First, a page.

Maryland exports up 27 percent over 2007

March 04, 2009|By Lorraine Mirabella | Lorraine Mirabella,lorraine.mirabella@baltsun.com

A weak U.S. dollar and aggressive marketing of Maryland goods and services helped boost the state's exports to a record high of $11.4 billion last year, a 27 percent jump over 2007 and more than double the nation's 12 percent export growth rate, state officials said yesterday.

About 5,000 companies in Maryland exported goods to 200 countries, with Canada, the top destination, receiving $1.5 billion in exports and Belgium, the Netherlands, Germany and the United Kingdom receiving $2 billion, the state Department of Business and Economic Development said. Most of those Maryland companies had fewer than 500 employees.

But state officials cautioned that the recession and deepening financial crisis would most likely dampen the export business in 2009.

"While we may not see the same growth this year, we are continuing to work with Maryland companies to identify export-friendly markets, minimizing the cost and risk of market entry," said Christian S. Johansson, secretary of the Maryland Department of Business and Economic Development.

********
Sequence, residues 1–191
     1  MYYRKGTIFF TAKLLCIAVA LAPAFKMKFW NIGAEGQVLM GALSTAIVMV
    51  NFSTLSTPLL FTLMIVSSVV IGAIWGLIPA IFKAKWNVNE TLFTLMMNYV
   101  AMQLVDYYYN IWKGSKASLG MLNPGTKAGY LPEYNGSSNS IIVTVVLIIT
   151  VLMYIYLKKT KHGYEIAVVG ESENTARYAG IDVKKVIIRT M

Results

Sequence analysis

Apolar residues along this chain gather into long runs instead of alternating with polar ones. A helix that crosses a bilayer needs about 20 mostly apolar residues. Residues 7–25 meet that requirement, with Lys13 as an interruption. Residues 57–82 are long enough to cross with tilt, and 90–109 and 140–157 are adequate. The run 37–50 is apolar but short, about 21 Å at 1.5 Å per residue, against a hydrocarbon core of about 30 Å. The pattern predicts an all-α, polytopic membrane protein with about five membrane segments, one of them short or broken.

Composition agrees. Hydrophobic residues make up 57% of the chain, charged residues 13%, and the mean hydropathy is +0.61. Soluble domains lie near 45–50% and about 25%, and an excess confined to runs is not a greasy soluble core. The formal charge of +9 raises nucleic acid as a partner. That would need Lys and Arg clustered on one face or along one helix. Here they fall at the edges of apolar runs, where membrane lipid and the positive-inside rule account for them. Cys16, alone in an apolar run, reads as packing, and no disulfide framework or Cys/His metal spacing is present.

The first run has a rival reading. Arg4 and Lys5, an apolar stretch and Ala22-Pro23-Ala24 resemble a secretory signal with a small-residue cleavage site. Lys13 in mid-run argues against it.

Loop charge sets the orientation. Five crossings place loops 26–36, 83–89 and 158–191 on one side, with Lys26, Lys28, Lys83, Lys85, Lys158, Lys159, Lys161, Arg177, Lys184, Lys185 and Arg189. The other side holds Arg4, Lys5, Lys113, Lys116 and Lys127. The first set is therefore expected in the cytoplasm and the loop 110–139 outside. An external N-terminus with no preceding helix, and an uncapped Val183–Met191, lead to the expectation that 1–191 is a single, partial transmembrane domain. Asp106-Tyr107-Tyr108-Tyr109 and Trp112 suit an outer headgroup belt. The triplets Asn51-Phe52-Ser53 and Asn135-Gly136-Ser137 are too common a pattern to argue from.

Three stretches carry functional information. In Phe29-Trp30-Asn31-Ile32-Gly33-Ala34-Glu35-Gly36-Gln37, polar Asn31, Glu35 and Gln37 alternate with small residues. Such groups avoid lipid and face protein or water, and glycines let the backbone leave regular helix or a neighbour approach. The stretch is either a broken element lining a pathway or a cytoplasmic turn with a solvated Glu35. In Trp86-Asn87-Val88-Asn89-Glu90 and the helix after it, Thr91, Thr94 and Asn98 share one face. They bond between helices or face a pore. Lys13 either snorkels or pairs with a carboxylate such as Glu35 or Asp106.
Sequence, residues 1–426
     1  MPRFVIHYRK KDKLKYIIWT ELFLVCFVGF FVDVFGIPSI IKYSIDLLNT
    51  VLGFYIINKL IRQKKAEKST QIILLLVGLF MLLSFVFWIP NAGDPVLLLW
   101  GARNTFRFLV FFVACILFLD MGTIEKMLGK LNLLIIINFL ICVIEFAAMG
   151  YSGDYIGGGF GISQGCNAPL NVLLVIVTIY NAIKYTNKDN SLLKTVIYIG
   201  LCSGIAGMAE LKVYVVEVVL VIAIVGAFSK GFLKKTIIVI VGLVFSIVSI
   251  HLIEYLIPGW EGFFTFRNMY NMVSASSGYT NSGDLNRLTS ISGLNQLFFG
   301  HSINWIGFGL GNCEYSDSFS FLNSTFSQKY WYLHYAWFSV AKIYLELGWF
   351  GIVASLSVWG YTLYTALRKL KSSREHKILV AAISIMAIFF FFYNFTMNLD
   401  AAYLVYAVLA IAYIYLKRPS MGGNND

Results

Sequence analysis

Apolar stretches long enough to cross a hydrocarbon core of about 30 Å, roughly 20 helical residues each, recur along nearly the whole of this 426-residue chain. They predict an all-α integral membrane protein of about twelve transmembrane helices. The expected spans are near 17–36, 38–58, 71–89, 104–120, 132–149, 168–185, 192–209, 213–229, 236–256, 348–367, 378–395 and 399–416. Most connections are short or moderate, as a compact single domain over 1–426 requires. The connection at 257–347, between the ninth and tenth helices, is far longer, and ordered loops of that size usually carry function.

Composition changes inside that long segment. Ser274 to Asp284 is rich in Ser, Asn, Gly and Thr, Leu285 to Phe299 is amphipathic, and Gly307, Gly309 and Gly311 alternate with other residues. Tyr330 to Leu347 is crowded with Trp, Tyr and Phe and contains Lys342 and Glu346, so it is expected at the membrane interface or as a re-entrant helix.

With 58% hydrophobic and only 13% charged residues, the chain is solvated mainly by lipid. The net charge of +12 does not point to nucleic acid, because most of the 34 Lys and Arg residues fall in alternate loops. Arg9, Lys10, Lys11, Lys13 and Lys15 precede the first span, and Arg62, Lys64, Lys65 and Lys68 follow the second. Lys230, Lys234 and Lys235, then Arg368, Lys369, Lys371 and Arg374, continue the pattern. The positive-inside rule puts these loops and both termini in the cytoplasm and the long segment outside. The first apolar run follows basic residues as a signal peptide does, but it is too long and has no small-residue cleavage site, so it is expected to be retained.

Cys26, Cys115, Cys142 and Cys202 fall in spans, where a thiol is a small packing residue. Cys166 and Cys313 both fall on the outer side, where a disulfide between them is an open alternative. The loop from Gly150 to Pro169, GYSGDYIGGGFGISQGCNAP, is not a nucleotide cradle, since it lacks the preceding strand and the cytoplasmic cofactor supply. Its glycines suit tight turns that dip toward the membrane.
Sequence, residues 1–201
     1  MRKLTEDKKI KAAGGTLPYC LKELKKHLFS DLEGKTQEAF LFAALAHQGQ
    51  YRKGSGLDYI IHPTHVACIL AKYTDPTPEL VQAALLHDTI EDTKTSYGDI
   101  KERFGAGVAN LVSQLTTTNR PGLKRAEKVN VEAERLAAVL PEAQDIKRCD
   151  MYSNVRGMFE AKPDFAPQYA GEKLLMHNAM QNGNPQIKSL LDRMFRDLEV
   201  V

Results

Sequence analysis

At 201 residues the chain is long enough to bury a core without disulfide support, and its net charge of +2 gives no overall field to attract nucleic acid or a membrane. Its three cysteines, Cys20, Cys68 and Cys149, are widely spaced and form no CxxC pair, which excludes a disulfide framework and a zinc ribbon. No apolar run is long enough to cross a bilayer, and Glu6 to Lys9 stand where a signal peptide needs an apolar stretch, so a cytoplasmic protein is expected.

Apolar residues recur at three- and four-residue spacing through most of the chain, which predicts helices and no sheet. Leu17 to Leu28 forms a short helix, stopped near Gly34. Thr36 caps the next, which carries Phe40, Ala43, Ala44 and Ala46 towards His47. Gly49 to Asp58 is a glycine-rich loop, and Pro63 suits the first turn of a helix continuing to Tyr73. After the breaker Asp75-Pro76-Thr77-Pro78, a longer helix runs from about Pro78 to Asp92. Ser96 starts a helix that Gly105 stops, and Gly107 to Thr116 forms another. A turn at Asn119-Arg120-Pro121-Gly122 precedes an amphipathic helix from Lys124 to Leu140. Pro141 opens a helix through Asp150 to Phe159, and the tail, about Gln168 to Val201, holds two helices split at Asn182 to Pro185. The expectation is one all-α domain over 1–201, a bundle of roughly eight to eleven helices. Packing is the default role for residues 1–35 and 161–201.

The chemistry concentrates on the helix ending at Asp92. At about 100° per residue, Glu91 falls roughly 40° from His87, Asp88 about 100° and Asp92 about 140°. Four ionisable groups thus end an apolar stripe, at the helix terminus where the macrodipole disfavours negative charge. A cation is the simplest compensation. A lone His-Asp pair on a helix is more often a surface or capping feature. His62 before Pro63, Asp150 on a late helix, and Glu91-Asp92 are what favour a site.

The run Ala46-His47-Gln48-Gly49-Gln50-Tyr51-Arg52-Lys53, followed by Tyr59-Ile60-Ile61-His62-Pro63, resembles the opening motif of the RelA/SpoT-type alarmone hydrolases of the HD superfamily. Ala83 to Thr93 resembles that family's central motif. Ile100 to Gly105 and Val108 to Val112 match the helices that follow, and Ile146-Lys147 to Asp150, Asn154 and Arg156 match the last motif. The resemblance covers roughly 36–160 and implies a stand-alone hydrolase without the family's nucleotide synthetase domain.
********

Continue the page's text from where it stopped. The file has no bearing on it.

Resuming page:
Between 2004 and 2008, the state saw its export business grow 97 percent, making Maryland the 14th fastest-growing exporter state in the nation, said Bob Walker, managing director of international investment and trade for the DBED. Some of the state's bigger exporters include Northrop Grumman Corp., Middle River Aircraft Systems and W.R. Grace & Co. The leading export categories are vehicles and transportation equipment, a Commerce Department category that can include parts and other items used in manufacturing.

DBED's division of international investment and trade offers assistance to small and mid-size companies and helps them coordinate trade and missions. The department also offers grants of up to $5,000 to companies through its ExportMD program.

Harmans-based American IV Products Inc., which makes replacement parts for patient monitoring equipment and IV pumps, was awarded a grant last year that allowed company representatives to attend the world's biggest medical trade show in Dusseldorf, Germany, said Jim Huggins, the company's director of business development. The company also got help from Maryland's foreign trade offices overseas, Huggins said.

The company had exported some products since its founding in 1983 but began more extensive exporting in 2003 and now sells products to dealers in Spain, France, Germany and Italy.

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